Practise is Just Like the Horizon

sent by: CLARKE SCOTT |

Welcome to this week’s edition of The Contemplative Life.

In this edition:

  1. I talk about my experience of solitary retreats.
  2. A sneak peek at the article on the dream of my teacher’s death.
  3. And I share extracts and my thoughts on a new book by Thomas Merton on his travels to India and meeting with the Dalai Lama in 1968 only weeks before his death. And I provide a link to the book and give my opinion on who really killed Thomas Merton.

(5 min read)

What I’ve Been Thinking

In stillness there is movement…

Subtle but it is there if you look closely. It is a different kind of movement; more like energy than the movement we are used to when we hear the word. Some might call this the energy of Shunyata; others the Holy Spirit. But names are just that. Don’t look out, look in. Can you feel it?

When I look back through my life there has been a thread that runs through it. A thread of searching, and in all my confusion over the years, this searching led me astray many times. Some might say too many times. I might say, far too many times. I did not know what it was or what I was doing. Just an endless itch to seek without knowing what the itch was seeking.

With time comes perspective. So I’ve come to understand that the destination of this searching, like the horizon, cannot be reached. It is an illusion of the mind. The searching tricks the mind into all kinds of adventures, thinking just one more [insert vice]. Adventures that distract from what breathes true meaning right into life.

In the past I would often say, I’m searching for freedom when answering questions of why I was doing what I was doing. Freedom to do whatever I want. To read and meditate, nothing more. And to get this freedom I would overwork and have no freedom as a result. The ego can rationalize just about anything, and it did for me, for far too long.

Stillness is the key. And stillness can be had, right now. No need to go someplace for it. No need to go searching for it. It is right here; right now in my mind. And in it, is everything I have been searching for.

Stillness has a depth too. That is why we say things like, she has real depth to her. Or his wisdom is deep. And in the depths of this stillness is not only wisdom but also love, compassion, and power. Yes, power. Spiritual power. Not the power of “The Machine” but the power of stillness.

(In the next edition, I will expand on these ideas so that each edition of the Numinous Life builds on the previous. I think this style will make for good reading, and at the same time give me a chance to explore these ideas as they evolve over time without having to “be right” from the very beginning!)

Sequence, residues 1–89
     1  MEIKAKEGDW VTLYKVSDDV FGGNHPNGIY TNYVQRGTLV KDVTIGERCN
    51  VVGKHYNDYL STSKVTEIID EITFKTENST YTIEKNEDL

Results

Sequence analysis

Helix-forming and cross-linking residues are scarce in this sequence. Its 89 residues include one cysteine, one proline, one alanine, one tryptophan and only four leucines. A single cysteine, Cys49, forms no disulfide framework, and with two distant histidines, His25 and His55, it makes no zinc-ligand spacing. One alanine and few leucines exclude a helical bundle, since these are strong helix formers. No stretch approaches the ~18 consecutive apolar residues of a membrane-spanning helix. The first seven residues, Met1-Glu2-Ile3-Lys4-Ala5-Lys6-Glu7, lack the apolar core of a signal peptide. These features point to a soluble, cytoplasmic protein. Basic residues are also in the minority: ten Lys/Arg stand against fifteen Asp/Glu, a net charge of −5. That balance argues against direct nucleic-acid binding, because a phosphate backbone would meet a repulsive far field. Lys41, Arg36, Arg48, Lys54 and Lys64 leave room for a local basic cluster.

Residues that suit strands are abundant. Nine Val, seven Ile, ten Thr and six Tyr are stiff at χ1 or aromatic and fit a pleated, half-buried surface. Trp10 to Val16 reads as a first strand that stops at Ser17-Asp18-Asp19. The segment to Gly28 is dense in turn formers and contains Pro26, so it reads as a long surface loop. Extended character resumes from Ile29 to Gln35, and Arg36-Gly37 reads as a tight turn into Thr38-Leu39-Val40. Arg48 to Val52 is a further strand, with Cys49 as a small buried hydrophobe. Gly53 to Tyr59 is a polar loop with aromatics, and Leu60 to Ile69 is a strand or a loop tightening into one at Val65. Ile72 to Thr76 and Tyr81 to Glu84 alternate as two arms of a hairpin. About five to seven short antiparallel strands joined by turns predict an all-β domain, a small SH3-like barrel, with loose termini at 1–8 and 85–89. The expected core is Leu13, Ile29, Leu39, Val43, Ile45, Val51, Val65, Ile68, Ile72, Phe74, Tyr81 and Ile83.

What I’ve Been Reading

While I continue to work through the gnostic gospels, I picked up the Asian Journal of Thomas Merton. What a fascinating look into the life of a Christian American in search of a deeper understanding of his own tradition. A search that led him to the Tibetans including the Dalai Lama, only to die weeks later. The “official” explanation of Merton’s death was a heart attack due to accidental electrocution. People close to him suspect the CIA. I’ve read a little bit about this; particularly what Father Matthew Fox had to say, and I am leaning toward a politically motivated assassination. Sad if that is the case but show the lengths The Machine will go to increase its influence over us.

But I also believe (hope) Merton will be canonized by the Catholic church at some point. His openness to seeing through the veil of tradition and into the heart of awakening is something I aspire for. And if he is his work will be read by even more people inside his tradition than before.

Back to his Indian trip…

Here are a couple of extracts I found interesting and or funny.

“Dr. Loksesh Chandra offered me a mandala, one of his reprints. I picked on, the general pattern of which attracted me as being very lively. On close, inspection I find it to be full of copulation, which is all right, but I don’t quite know how one meditates on it. It might be a paradoxical way to greater purity.” p.67

It is indeed a “paradoxical way to greater purity.” His intuition was correct. And his honesty and openness, I find, such a delight to read. And his response to seeing deities in union made me laugh out loud. There is no heavy piety in his interactions with other traditions. This is rare. Very rare.